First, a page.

The only kefir some people may have heard of is Kiefer Sutherland. However, sorry to disappoint, but this post is about the dairy beverage known as kefir, not the actor.
Kefir, thick and a bit lumpy, is similar to yogurt or buttermilk in appearance and taste. It contains helpful probiotics which can penetrate the mucosal lining of the digestive tract. Kefir can be made from kefir grains, which combine to form a funny-looking, jelly-like substance that resembles white coral or cauliflower. Alternatively, you can make kefir from a dry starter culture.
For a little extra information about kefir, I’m going to quote from one of my favorite dairy books: Home Dairy with Ashley English.
“These microbes (in the digested kefir) colonize the intestinal lining, giving the boot to harmful intruders potentially residing there. As a result, it becomes easier for your body to ward off pathogens like intestinal parasites and E. coli. You can make kefir from any type of milk, including animal (cow, sheep, goat, what have you), coconut, rice, and soy. While the milk can be variable, the invariable part of the recipe is kefir grains – a fascinating blend of bacteria and yeasts in a protein/lipid/sugar base … As it ferments, the kefir sours and becomes mildly carbonated, becoming very mildly alcoholic in the process (although you won’t be getting drunk off of kefir, at levels of one to two percent!).”
Many prefer to drink kefir straight, including myself, but others blend it into a smoothie, use it for dressings or dips, or bake with it. (Note: You lose the beneficial probiotics if it is cooked.)
You can purchase kefir dry starter culture online from New England Cheese Making Supply Company. That site also includes a recipe to make kefir from its starter. However, you can only make successive batches of kefir from a dry starter six or seven times.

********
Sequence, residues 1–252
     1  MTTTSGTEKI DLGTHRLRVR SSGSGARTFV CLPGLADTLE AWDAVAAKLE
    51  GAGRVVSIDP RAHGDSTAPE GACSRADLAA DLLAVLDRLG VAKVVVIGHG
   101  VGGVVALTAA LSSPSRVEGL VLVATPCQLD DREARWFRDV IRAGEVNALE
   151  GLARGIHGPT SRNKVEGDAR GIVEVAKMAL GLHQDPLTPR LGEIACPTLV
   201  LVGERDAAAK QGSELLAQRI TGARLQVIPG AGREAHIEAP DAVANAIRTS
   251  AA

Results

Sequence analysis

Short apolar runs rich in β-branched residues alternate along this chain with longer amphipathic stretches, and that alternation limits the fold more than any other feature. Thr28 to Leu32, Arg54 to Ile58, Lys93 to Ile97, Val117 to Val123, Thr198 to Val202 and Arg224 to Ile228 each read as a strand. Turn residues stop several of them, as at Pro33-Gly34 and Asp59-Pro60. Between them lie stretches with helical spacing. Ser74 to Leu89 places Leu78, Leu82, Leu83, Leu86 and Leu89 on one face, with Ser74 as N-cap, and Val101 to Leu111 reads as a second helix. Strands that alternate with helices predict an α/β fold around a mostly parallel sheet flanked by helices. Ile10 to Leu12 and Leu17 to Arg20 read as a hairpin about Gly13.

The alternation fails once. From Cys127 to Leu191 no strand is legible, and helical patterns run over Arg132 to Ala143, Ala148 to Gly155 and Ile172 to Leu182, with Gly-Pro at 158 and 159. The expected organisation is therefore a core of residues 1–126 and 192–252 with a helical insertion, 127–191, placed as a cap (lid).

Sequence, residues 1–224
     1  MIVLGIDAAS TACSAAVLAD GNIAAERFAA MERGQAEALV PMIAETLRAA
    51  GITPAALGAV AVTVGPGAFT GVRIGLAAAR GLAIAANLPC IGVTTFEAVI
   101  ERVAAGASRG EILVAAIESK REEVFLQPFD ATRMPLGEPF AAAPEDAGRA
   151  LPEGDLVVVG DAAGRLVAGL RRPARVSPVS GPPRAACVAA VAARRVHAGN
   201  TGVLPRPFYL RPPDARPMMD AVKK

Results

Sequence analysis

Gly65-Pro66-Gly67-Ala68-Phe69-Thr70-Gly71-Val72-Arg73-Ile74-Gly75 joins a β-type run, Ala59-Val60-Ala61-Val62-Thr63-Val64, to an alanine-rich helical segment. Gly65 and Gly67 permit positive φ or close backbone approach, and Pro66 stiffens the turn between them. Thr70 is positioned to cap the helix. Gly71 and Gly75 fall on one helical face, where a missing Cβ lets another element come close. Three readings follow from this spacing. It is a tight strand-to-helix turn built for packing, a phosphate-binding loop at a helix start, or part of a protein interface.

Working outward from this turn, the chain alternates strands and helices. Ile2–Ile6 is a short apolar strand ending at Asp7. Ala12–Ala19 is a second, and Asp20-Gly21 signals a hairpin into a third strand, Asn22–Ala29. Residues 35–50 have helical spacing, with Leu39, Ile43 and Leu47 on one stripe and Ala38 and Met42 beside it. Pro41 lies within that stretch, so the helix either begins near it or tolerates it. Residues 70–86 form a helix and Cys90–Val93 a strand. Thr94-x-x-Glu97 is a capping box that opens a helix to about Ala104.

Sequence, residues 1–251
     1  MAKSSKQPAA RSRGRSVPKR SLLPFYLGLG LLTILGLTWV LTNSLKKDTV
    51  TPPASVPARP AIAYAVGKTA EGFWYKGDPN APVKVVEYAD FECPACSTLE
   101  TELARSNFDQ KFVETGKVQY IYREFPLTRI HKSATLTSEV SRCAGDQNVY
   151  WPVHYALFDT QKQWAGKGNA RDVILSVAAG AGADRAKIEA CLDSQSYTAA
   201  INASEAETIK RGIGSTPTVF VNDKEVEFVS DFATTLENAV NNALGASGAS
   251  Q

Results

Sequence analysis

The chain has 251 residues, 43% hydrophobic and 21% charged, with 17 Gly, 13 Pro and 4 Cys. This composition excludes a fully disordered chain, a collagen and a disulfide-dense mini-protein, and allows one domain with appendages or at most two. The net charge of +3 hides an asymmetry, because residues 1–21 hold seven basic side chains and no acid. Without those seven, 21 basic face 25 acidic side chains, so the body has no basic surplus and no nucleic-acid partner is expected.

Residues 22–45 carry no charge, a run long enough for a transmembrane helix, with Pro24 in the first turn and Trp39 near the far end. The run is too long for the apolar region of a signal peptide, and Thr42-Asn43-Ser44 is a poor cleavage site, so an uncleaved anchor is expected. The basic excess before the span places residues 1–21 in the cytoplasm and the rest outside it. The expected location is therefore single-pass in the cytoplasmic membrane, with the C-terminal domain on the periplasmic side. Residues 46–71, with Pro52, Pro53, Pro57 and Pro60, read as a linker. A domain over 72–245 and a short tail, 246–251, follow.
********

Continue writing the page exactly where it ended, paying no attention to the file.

On the other hand, if you use kefir grains, you can pretty much make kefir indefinitely if you keep the grains alive and healthy. (Similar to a sourdough starter.)
A relative gave me some of her kefir grains, and I’ve been making periodic batches of kefir with them. The grains multiple over time, so they can be shared with others who want to make their own. They are interesting organisms to be sure and have a slight “yeasty” smell to them.
To make kefir from the grains, I follow the below process:
- 1 to 2 Tblsps kefir grains
- 2 cups of milk
Put the grains in a glass or ceramic container and add the milk. Put lid on. Leave at room temperature for 24 hours in a dark place (cover with a dishcloth if need be). When kefir is thickened after 24 hours, strain the grains out with a colander or remove with slotted spoon. Keep grains for your next batch in a covered, glass container at room temperature. You can rinse the grains with non-clorinated (filtered) water before your next batch. Refrigerate the finished kefir. The ideal temperature for making kefir is 68 to 75 degrees. It will take longer if it’s cooler and make quicker if it’s warmer. You can put the grains in the fridge in some milk if you plan to take a break from making kefir. However, if you do this too often, you may kill your starter. Kefir should stay good in the fridge for up to three weeks.